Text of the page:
Any interest in an ARM version of SdFat

I am playing with a number of ARM development boards and looking at porting SdFat to various ARM processors.

Others have ported older versions of SdFat to ARM but I have not published a version of SdFat since Elm-ChaN's FatFs http://elm-chan.org/fsw/ff/00index_e.html is used in many ARM projects.

Would SdFat be useful for Due and other Arduino like ARM boards?

What would be the difference between SdFat and FatFs for ARMs? (or the differentiator)

pito,

FatFs is a C program with a older style API. SdFat has standard C++ support.

FatFs is not supported on Ardunio. Maybe the Arduino group will make a wrapper for it on Due.

SdFat has support for high speed write to contiguous files. This makes very fast data logging possible.

I plan to support SDIO which is about four times faster than SPI since it is a 4-bit bus. SDIO plus multi-block write to contiguous files could be ten times faster than FatFs.

Yes.

I am current designing an ARM board (PCB just finished) using a 4-bit interface and the HSMCI on a SAM3U4E.

I am certainly interested in having your library running on that (and maybe you can advise if I got the hardware right). Details available if you want.

FWIW the SAM3U4E was the chip they originally said the Due would use, that may or may not be the case now but I doubt that makes much difference to a peripheral driver like this.


Rob

maybe post this question on the mbed platform? - http://mbed.org/handbook/mbed-Developer-Website -

fat16lib: I plan to support SDIO which is about four times faster than SPI since it is a 4-bit bus. SDIO plus multi-block write to contiguous files could be ten times faster than FatFs.

You do not realize how awesome it would be for sdfatlib to support sdio there are no words to express how much I want sdio Please do have it support sdio.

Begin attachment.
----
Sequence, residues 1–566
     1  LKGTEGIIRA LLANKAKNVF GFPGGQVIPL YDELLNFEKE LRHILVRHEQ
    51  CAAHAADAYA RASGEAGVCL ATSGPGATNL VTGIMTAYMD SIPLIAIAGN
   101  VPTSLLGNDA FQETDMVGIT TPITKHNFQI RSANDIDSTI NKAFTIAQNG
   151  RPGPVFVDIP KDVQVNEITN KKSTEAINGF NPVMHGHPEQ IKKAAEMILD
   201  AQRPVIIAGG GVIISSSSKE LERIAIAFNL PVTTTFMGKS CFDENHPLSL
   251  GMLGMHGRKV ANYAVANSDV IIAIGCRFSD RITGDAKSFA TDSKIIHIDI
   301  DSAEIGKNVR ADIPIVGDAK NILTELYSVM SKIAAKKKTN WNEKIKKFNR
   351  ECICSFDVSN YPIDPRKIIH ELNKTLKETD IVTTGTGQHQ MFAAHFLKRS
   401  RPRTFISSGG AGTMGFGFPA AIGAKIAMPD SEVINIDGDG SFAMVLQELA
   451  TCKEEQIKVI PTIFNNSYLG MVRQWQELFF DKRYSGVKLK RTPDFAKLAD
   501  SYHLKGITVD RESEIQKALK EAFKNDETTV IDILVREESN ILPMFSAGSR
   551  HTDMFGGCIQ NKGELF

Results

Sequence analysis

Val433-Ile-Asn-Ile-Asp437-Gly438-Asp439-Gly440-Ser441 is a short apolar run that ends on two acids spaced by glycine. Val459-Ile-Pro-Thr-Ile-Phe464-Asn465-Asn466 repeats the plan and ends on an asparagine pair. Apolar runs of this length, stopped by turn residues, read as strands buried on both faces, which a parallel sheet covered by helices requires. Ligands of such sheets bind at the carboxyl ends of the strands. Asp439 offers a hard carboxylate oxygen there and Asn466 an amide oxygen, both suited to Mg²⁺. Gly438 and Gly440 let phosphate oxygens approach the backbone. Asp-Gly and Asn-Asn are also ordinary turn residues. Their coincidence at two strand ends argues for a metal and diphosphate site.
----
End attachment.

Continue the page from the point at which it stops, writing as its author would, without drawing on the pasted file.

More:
Just to be clear Mr_Arduino, you want support for sdio :)


Rob

Graynomad,

Just to be clear Mr_Arduino, you want support for sdio

Good point, SDIO is not simple and not supported on many micro-controllers. The SDIO protocol is totally separate from the SPI protocol. Most SD modules/breakouts can't be used with SDIO since only the SPI lines are connected.

SDIO should be very fast if implemented correctly since more effort goes into the SDIO controller in an SD card because it is used in most consumer devices, PCs, and Macs.

I plan to change the SdFat architecture so it can be ported to a number of micro-controllers.

I will port SdFat to STM32/SPI first since that should be easy if I start without DMA. An old version of SdFat already has been ported to Maple. Next I will do SPI/DMA.

The STM32 processor used in Maple does not support SDIO so I will likely use the this board http://www.st.com/internet/evalboard/product/252419.jsp. I have several SD breakout boards that bring out all SD lines for SDIO.

The STM32F4 is really fast and I understand it. I will look at SAM3U4E and whatever is used in Due later.

bring out all SD lines for SDIO.

Can you advise what these are, it may not be too late to change something if it means not loosing SDIO functionality.


Rob

If all the SAM3U4E HSMCI line are available you should be fine.

The problem is SD modules and breakout boards. Most of these are designed for SPI so only bring out MISO, MOSI, SCK, and CS.

I have found breakouts on ebay from Asia that support SDIO.

The SAM3U4E supports 8-bit MMC. I don't expect to try that soon since it requires all 13 MMC pins.

I can only afford the HSMCI control and 4 data signals, so 4-bit should be OK but not 8-bit.


Rob

I was interested in using sdio with this interface chip using an nxp chip http://www.nxp.com/documents/data_sheet/SDIO101.pdf but it uses some weird mount and I can not find a dip adapter for it and also Graynomad I do want support for sdio and your comment made me laugh!

Mr_arduino,

Why do you want to use this part? It may be great in some product but maybe not in the Arduino hobby world.

Why are you laughing at Graynomad? His question is reasonable.

A DIP adapter for a 60-pin SDIO part could make some people laugh but not me.

fat16lib: Mr_arduino,

Why do you want to use this part? It may be great in some product but maybe not in the Arduino hobby world.

Why are you laughing at Graynomad? His question is reasonable.

A DIP adapter for a 60-pin SDIO part could make some people laugh but not me.